may continue. If we're moving towards full employment, then we
won't need to stimulate more.
And what is
full employment? The Fedís statisticians believe that it is 6% or
so, and we are nowhere near headed that way. Plus, Bernanke is wholly
wrong to believe that somehow employment can be used as a measure
of economic health. For many decades, socialist economies bragged
about zero unemployment, but the economies regressed year after
year. Even in mixed economies like ours, high employment is most
often an effect of prosperity and never a cause.
Plus, we canít
believe Bernanke that employment data alone will drive the decision.
He is an errand boy for the big banks and Wall Street. That will
drive his decisions, along with politics. And we can be all-but-certain
that there will be plenty of bad news by the summer, which will
provide enough cover for another round of stimulus.
whatís anyone going to do about the problem of much higher prices,
which is the ghastly beast waiting around the corner? The truth
is that the Fed pretends as if it has nothing to do with this. Bernanke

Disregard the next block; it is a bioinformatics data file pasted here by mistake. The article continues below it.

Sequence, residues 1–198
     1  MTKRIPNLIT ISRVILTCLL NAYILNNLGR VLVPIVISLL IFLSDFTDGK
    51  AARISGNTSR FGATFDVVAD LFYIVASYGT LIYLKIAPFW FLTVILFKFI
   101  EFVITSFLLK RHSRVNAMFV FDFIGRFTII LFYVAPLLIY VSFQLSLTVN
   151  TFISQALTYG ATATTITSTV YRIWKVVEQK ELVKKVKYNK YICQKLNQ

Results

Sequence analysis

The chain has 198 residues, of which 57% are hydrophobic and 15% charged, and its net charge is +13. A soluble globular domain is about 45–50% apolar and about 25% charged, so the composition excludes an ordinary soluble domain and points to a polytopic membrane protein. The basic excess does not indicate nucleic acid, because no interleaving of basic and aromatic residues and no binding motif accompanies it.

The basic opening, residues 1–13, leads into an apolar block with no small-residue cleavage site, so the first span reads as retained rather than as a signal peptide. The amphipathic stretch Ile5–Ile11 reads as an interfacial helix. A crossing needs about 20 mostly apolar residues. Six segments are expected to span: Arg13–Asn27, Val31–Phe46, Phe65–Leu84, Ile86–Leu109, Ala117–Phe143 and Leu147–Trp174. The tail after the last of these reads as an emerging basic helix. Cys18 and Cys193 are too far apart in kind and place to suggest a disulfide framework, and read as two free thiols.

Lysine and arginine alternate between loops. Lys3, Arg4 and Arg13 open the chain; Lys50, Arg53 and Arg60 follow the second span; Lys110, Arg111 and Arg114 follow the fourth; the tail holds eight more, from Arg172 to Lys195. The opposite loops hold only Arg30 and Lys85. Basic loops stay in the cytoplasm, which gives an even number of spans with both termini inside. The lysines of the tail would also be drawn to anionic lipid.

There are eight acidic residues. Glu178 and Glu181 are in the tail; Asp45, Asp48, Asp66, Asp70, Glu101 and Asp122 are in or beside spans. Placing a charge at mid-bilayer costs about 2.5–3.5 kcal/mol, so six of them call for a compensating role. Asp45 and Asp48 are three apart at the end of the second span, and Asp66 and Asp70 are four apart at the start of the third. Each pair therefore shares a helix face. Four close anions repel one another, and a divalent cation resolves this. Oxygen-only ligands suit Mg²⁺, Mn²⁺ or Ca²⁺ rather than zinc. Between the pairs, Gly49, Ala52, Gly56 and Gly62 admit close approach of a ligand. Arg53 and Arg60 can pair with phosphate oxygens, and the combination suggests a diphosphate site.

routinely says that prices are formed by supply and demand
which is true enough in a free market, but money creation complicates
is that the Fed doesnít really care about inflation as much as it
cares about the solvency of the banking and financial systems. Bernanke
would drive us right into hyperinflation to save his industries.
Savers living on pensions just donít have the political clout to
stop the money machine.
to Bernankeís promises, he does not have the ability to turn off
the monetary spigot once prices start zooming. The economy is too
globalized for that. Keep in mind that though the Fed has loads
of power, it has no power to control inflationary expectations and
the demand for cash generally and in hyperinflationary environments
these are the driving factors.
littered with monetary managers who believed they were in total
control, until the disaster they caused hit. It is hubris of the
first order to believe themselves masters of the universe Ė but
hubris is epidemic in Washington.
is playing with fire. Or with a third dose of meth. Or another bottle
of Four Roses. Choose your metaphor. It is a bad and deeply dangerous
policy, all built on the insane view that if you stimulate a zombie
with enough fiat money, it will start to live and breathe on its
even more, consider: If you drink enough, does your body start to
generate its own liquor? The Fed and the government have hooked
the American economy on a wicked drug. Our job is to drive the dealers
from their seats of power.
March 17, 2011
H. Rockwell, Jr. [send him
mail], former editorial assistant to Ludwig von Mises and congressional
chief of staff to Ron Paul, is founder and chairman of the Mises
Institute, executor for the estate of Murray N. Rothbard, and
editor of LewRockwell.com.
© 2011 by LewRockwell.com. Permission to reprint in whole or in
part is gladly granted, provided full credit is given.